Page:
In addition, there were several nutrients in supplements folate, niacin and vitamin A that exceeded recommended levels, even before adding in the nutrients from food. Excessive amounts of these nutrients don't usually cause a problem, but there are known side effects that families and their health care providers need to be aware of. Too much folate can mask a neurological complication of vitamin B12 deficiency and some evidence shows that high levels can provoke seizures in patients on anti-convulsant medications. Too much niacin can cause flushing, gastrointestinal distress and liver damage. And too much vitamin A can have teratological effects (birth defects and other abnormalities of development), liver toxicity, reduced bone mineral density resulting in osteoporosis and central nervous system disorders.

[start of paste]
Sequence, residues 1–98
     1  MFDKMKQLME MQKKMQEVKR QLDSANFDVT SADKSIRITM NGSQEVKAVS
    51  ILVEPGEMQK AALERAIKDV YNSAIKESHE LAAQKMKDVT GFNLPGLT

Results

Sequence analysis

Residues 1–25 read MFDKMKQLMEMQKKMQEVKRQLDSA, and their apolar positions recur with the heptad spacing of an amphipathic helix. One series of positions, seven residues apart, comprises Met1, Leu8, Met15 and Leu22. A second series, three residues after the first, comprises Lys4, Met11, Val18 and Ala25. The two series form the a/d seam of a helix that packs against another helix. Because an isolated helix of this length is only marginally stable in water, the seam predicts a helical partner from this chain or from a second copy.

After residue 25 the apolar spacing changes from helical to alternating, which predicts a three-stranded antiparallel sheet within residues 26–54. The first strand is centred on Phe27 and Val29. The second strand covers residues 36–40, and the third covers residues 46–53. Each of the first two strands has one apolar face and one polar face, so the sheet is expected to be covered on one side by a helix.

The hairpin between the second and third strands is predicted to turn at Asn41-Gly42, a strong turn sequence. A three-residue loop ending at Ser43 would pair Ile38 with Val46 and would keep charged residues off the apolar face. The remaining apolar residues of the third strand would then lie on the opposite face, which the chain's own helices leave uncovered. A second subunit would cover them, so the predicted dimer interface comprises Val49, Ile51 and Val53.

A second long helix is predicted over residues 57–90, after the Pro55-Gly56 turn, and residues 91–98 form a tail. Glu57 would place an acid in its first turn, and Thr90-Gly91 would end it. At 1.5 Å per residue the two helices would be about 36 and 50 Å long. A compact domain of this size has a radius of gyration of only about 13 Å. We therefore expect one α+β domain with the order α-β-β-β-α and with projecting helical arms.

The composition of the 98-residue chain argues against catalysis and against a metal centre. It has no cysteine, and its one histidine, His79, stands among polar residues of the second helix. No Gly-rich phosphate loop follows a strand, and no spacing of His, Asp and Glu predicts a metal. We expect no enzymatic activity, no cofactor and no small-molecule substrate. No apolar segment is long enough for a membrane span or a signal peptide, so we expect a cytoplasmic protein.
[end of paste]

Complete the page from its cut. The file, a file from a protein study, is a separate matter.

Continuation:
"It's important for dieticians and health care providers to know the potential nutritional insufficiencies and excesses children with autism may be experiencing," Stewart said. "Diet and supplement use can impact their health and some nutritional problems may also affect their behavior. There is a great need for additional research in this area."
Food dyes and sleep
Many families who have children with autism or Attention Deficit Hyperactivity Disorder (ADHD) or who have typically developing kids eliminate food dyes from their diet, hoping to avoid behavior issues. Some studies suggest artificial food dyes may increase hyperacti
|Contact: Heather Hare|
University of Rochester Medical Center